Straughan, D.W. (1995). The EU target for a 50% reduction in use of experimental animals by the year 2000--what does it mean? Alternatives to Laboratory Animals: ATLA 23(2): 262-263.
NAL call number: Z7994.L3A5
Descriptors: animal experiments, animal testing alternatives, animal welfare, European Union regulations.
Weigler, B.J. (1995). Justifying the number of animals in IACUC proposals. Contemporary Topics in Laboratory Animal Science 34 (3):47-50.
NAL call number: SF405.5.A23
Descriptors: laboratory animals, usage, committees, regulations, bioethics, experimental design, statistics, reviews.
Whary, M.T., D.D. Carey, and F.G. Ferguson (1998). Reduction in animal numbers required for antisera production using the subcutaneous chamber technique in rabbits. Laboratory animals 32(1): 46-54.
NAL call number: QL55.A1L3
Abstract: The purpose of this study was to determine if the subcutaneous chamber technique would reduce the number of rabbits required for antisera production by enabling serial use of individual animals for multiple antigens. Rabbits were assigned to immunization protocols against two antigens in series that involved combinations of chamber implantation, Freund's adjuvant and injection of antigen either by the subcutaneous route or by direct inoculation into the chamber. Results indicate the systemic immune response to both antigens achieved similar magnitude and duration by use of either Freund's adjuvant or direct inoculation of antigen into the chamber, suggesting that chamber use may be able to replace use of Complet e Freund's adjuvant for many antigens. Rabbits re-used for a second antigen were equally successful in production of significant titres in both serum and chamber fluid without evidence of either a significant inflammatory response due to the chronic presence of the implant or a decrease in the yield of antisera harvested from the chamber. These results support the advantages of chamber use as reported by others and demonstrate that the chamber technique can significantly extend the productive life of an individual animal that would otherwise be euthanized following a single use in antisera production.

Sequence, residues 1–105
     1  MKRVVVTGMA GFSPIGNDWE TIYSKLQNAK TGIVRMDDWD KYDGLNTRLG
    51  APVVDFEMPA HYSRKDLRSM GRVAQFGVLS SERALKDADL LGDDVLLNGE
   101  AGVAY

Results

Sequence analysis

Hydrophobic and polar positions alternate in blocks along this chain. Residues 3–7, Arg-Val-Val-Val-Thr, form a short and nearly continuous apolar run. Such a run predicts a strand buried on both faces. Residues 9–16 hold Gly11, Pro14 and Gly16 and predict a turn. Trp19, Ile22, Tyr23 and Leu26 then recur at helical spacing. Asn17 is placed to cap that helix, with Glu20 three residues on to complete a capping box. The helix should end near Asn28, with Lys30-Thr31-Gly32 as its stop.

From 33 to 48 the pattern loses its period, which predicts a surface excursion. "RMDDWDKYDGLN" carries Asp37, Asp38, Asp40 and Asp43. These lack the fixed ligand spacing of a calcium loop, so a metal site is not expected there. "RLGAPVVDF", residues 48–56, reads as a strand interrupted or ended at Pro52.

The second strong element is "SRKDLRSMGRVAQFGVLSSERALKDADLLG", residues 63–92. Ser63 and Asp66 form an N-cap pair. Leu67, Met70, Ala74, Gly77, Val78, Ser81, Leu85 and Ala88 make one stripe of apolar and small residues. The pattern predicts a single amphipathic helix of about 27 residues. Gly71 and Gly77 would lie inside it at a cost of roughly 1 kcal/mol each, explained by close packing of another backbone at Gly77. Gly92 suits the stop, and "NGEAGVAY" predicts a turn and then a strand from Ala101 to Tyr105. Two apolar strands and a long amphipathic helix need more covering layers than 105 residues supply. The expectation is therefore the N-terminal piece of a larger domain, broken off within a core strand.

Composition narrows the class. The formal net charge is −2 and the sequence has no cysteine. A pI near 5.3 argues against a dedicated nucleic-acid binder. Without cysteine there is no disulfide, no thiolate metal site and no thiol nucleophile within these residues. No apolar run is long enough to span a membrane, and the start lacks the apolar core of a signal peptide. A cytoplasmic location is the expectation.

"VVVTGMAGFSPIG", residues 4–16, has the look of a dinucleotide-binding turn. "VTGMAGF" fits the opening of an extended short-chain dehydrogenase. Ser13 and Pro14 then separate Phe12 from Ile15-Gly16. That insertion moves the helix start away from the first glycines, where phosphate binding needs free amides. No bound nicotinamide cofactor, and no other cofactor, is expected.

Descriptors: rabbits, immune serum, biological production, antigens, antibody formation, yields, hemocyanins, adjuvants, cholera, bacterial toxins, containers, implantation, animal welfare, alternatives.
Guidelines for Determination and Justification of Animal Numbers
Topics included in this site provided by the University of California at Irvine are: overview, basis, study design, pilot studies, inclusiveness, alternative methods, inbred animals, repetition of experiments, modification of approved animal number, and references.
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Last updated March 15, 2005